Bank Negara Malaysia (BNM) may have been pressured by the Finance Ministry (MoF) to buy a RM2.07 billion piece of government land in Kuala Lumpur to pay off 1Malaysia Development Bhd’s debts, a report by the Public Accounts Committee (PAC) said.
“BNM had no plans to buy Lot 41 (Section 51, Kuala Lumpur) and it was not part of the central bank’s strategic plan for 2015 to 2017,” the select committee said in the report.
BNM, which did buy the land, later said it was purchased to develop a financial education hub. PAC, however, said there were doubts about the purchase.
“Firstly, BNM did not do sufficient due diligence for the purchase and curiously, it only took the BNM board of directors just nine days after discussions with MoF on August 15, 2017.”
The board then gave its approval for the purchase on August 24, three days after MoF’s letter of offer.
“The whole transaction was completed in four months, raising questions on whether the government had pressured BNM to buy the land,” said PAC.
Additionally, PAC said that the land valuation by Suleiman & Co was overpriced at RM2.07 billion, as the government’s Valuation and Property Services Department had only valued it at RM1.42 billion.
The purchase followed 1MDB’s announcement on April 24, 2017, that it had reached a settlement with Abu Dhabi fund International Petroleum Investment Company (IPIC).
According to the terms, 1MDB will pay US$602.7 million (RM2.54 billion) by July 31, 2017, and a further amount of US$602.7 million by December 31, 2017.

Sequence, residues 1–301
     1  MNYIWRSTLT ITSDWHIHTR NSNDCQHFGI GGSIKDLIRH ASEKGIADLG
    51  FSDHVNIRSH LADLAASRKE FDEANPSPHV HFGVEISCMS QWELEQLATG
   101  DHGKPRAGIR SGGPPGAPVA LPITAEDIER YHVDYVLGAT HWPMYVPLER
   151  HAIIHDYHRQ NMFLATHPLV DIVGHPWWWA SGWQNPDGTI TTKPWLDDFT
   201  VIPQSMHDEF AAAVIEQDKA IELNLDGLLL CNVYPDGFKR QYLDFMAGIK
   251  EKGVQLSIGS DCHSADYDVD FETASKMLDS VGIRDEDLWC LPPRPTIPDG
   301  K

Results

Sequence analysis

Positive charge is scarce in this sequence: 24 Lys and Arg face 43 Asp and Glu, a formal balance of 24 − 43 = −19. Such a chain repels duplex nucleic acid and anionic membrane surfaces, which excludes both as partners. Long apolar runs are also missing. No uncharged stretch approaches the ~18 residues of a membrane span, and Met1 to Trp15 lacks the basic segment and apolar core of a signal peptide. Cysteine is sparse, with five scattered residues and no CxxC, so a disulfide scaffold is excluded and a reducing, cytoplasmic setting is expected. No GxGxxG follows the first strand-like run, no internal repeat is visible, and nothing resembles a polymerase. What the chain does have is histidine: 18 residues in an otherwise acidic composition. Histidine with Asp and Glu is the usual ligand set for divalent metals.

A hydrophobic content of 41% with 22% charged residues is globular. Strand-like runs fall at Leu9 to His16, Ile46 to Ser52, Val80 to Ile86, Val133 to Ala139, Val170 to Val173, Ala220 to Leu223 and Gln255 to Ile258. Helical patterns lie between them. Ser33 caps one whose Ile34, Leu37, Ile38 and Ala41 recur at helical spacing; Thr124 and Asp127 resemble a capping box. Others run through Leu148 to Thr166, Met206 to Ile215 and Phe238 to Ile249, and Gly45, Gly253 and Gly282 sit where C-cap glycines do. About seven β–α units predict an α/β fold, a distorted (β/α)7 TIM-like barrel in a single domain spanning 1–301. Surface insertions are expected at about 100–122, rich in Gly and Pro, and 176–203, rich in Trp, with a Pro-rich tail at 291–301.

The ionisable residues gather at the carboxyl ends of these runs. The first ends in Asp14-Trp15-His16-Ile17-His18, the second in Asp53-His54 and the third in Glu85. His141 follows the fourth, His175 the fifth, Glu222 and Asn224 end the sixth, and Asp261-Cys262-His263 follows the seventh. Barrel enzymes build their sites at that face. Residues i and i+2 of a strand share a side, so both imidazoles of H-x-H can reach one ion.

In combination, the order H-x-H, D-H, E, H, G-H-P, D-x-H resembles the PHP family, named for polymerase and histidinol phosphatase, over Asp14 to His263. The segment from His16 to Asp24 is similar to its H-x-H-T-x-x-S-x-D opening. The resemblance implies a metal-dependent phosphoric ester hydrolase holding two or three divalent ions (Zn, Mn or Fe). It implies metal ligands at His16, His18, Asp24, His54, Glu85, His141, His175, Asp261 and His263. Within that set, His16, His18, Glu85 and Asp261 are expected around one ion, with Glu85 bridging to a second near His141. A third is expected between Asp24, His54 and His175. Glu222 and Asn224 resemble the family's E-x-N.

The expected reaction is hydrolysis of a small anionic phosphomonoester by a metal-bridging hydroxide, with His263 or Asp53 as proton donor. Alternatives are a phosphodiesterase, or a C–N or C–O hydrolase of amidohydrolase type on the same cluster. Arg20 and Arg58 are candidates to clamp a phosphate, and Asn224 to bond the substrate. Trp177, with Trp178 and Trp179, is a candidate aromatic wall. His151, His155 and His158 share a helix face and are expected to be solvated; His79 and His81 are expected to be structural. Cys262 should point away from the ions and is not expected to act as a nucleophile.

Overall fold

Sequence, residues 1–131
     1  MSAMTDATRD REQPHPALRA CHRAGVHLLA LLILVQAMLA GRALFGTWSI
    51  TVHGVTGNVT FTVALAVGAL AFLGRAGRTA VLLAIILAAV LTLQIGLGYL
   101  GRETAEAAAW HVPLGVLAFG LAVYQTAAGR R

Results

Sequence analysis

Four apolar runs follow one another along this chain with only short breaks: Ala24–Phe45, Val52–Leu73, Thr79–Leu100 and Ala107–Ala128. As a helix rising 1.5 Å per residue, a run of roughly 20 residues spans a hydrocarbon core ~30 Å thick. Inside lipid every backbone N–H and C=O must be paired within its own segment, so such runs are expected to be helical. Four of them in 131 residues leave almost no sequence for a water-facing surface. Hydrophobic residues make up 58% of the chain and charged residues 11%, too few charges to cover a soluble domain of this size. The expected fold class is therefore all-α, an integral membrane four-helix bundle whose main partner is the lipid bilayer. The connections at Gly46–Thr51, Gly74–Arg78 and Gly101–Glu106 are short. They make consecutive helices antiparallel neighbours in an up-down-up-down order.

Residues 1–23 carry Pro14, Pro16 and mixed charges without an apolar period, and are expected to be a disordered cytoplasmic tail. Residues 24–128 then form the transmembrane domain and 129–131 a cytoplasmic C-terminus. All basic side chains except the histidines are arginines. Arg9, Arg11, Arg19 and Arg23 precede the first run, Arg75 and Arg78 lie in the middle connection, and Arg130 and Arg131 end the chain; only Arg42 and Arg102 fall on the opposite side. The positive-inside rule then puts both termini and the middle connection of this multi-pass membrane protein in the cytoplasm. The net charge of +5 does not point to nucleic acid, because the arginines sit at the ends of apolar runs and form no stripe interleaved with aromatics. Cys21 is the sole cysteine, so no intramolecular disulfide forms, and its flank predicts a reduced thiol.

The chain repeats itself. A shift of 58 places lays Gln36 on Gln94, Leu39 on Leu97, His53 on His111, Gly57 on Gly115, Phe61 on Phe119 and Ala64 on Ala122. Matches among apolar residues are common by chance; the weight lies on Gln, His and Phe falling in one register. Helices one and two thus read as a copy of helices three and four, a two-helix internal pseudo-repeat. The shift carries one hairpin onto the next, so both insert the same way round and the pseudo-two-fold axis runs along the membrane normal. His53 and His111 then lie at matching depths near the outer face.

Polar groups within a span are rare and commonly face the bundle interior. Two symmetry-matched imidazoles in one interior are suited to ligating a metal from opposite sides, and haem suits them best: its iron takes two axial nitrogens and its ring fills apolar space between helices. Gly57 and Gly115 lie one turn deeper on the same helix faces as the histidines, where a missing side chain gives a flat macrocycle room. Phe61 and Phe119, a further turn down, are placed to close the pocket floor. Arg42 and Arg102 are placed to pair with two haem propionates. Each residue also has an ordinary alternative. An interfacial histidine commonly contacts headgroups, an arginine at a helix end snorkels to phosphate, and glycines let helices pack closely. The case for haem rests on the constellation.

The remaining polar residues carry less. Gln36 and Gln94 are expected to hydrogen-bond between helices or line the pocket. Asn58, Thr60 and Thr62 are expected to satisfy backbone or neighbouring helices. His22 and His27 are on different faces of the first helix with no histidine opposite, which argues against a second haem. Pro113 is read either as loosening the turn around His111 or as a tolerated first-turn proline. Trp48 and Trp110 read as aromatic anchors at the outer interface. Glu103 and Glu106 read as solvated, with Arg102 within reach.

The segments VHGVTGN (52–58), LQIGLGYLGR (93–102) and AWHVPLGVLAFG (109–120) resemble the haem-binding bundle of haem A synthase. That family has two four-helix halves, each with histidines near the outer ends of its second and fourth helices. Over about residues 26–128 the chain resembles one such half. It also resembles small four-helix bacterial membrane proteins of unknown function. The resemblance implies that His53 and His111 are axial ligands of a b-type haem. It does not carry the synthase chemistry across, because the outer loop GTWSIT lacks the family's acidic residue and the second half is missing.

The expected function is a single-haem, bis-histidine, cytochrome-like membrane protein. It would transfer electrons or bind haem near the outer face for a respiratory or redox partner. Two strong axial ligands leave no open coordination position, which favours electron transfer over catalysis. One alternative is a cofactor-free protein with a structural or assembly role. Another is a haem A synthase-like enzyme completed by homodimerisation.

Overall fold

On August 1, The Edge reported that 1MDB had missed its first payment of US$602.7 million.
The relationship between IPIC and 1MDB began in 2012 when the former guaranteed two bonds worth US$1.75 billion each for 1MDB to raise funds for the purchase of power-generation assets. In return, 1MDB was to make collateral payments to IPIC.
However, by the end of 2015, problems arose when IPIC/Aabar and 1MDB could not agree over a sum of missing funds owed to IPIC, and the Malaysian state investor failed to settle a US$1.2 billion loan from Abu Dhabi.
Both sides were unable to reconcile the missing monies, with Malaysia insisting it had repaid US$3.5 billion to IPIC subsidiaries while the latter maintained that it did not receive most of the funds.
In May 2016, the government of Abu Dhabi and Malaysia agreed to take the dispute for private arbitration in London. – TMI